Diversity and Inclusion (D&I) programs are common in today’s workplaces as companies strive to connect with an increasingly diverse customer base. Whether operating globally or servicing a local clientele, business leaders recognize that customer demographics are changing and reaching them requires employees who bring different perspectives. But, is incorporating diversity and inclusion strategies into the talent acquisition process enough? Should companies do more to open up long-term opportunities internally?
For my latest #MindTheTechTalentGap blog post, I turned to local commerce and online marketplace giant Groupon. Their latest D&I program seeks to develop and retain diverse, mid-to senior-level talent from within their organization of more than 6,000 employees. I was thrilled to sit down with the company’s Global Head of I&D, Corey Flournoy, to learn more, as D&I is one of my personal passions.
Corey shared the goals behind this new program, what he and his team hope to achieve, the importance of addressing bias, and why companies need to mind their internal talent pipelines as part of their overall recruitment and retention strategy.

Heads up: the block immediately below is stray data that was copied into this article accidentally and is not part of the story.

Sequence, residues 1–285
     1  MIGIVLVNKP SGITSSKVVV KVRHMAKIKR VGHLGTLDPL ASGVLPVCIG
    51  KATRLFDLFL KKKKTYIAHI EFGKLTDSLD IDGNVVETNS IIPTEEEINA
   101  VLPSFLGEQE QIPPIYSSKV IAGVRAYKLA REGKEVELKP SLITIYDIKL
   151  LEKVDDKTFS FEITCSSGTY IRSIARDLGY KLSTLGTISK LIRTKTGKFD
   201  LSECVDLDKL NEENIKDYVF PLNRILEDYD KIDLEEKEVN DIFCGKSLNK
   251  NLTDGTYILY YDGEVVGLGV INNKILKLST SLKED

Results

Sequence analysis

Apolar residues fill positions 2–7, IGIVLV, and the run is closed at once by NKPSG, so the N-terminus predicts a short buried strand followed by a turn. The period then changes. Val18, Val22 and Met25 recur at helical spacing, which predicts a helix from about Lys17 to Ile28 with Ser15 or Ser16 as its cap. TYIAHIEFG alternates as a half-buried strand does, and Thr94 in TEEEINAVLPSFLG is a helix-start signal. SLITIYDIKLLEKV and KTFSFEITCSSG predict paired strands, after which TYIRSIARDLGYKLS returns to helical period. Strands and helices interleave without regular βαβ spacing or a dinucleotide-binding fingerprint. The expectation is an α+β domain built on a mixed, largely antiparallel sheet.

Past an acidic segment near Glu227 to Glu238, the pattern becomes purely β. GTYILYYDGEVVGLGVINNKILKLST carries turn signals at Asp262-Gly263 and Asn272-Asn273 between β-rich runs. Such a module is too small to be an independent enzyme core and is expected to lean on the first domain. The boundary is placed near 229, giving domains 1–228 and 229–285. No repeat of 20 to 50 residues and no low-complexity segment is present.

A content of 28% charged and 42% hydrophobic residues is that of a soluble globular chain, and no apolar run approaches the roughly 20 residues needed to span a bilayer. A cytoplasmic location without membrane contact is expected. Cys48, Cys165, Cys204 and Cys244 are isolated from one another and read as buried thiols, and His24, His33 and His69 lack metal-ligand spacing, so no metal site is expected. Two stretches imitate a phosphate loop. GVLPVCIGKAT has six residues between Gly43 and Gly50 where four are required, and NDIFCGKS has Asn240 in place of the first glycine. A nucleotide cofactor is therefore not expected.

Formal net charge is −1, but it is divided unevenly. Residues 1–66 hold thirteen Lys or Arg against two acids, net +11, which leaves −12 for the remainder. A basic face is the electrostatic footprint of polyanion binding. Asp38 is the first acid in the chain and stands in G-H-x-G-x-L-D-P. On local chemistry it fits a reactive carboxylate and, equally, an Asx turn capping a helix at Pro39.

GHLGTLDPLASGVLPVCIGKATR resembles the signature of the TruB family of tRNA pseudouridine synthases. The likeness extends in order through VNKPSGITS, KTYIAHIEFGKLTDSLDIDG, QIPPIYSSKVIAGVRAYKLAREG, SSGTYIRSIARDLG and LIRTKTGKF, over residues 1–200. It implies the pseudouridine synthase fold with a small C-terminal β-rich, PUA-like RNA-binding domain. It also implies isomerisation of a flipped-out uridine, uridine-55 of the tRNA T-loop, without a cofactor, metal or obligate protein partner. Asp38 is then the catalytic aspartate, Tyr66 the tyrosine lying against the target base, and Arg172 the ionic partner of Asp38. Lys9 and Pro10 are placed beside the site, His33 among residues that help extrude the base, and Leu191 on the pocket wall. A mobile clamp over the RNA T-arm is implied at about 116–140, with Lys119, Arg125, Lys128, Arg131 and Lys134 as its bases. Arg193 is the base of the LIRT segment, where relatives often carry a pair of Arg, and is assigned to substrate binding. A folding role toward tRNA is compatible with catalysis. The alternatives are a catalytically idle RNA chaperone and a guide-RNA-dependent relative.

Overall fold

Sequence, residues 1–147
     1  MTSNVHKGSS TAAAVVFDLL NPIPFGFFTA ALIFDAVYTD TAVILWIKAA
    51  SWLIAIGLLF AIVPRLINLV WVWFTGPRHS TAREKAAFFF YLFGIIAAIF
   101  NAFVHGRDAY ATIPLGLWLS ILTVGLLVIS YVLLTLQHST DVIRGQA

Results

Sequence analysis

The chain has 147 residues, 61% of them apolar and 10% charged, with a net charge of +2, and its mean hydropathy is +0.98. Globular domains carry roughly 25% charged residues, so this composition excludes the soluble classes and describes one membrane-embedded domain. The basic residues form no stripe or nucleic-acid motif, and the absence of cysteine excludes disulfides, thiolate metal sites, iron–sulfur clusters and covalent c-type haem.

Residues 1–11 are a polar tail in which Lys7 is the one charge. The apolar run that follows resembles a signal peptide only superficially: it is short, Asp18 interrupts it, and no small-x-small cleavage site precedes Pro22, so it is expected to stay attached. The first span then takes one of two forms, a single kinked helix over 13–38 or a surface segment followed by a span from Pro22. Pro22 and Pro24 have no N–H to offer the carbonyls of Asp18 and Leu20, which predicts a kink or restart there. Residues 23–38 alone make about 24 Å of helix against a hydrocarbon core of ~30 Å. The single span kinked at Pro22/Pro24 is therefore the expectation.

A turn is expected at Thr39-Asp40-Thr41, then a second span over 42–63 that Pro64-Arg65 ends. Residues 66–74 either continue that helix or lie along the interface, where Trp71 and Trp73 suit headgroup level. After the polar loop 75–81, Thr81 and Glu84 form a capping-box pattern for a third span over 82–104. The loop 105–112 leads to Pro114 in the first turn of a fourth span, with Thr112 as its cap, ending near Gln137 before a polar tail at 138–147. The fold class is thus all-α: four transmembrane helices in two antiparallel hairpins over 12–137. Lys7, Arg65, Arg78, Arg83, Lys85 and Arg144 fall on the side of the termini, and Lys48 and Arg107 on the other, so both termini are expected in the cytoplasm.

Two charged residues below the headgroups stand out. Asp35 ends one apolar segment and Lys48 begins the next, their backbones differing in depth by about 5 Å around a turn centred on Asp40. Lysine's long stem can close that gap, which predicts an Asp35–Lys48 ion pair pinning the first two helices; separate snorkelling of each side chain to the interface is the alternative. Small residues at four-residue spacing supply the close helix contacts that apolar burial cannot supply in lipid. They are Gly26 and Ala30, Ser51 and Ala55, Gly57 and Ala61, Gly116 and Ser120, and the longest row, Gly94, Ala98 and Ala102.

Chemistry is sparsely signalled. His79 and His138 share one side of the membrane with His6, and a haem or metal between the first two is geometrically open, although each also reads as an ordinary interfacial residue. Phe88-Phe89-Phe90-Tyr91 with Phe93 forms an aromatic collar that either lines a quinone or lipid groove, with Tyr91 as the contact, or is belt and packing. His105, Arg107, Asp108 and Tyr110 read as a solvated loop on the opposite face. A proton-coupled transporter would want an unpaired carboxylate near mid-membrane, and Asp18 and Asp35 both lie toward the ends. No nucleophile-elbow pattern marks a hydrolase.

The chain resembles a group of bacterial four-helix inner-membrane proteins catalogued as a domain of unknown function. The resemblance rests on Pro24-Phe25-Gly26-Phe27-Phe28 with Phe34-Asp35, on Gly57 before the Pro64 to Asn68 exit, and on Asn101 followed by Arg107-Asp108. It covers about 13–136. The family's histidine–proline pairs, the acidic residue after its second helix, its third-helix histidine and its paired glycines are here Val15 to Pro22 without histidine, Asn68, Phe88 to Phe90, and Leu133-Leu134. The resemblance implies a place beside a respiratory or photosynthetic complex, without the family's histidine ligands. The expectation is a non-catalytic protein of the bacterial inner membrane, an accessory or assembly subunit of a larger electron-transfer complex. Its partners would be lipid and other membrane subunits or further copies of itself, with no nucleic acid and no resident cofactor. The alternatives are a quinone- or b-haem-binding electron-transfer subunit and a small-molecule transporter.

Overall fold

It’s True – D&I Makes Good Business Sense
Corey’s approach to D&I at Groupon is built on two beliefs – that it’s the right thing to do and it provides businesses with a competitive advantage. Research backs him up. A recent McKinsey & Company report, Delivering Through Diversity, found that companies with the most ethnically diverse executive teams are 33% more likely to outperform their peers on profitability. Similarly, gender diversity at the executive level is correlated with higher profitability.
Yet, he remains concerned that there’s an unspoken ceiling that prevents many diverse employees from reaching senior manager or director level positions. As a result, Corey and his Global I&D team are consciously working to target internal diverse talent for leadership roles at Groupon. They anticipate that these rising stars will bring new ideas and perspectives into the higher-level decision-making process.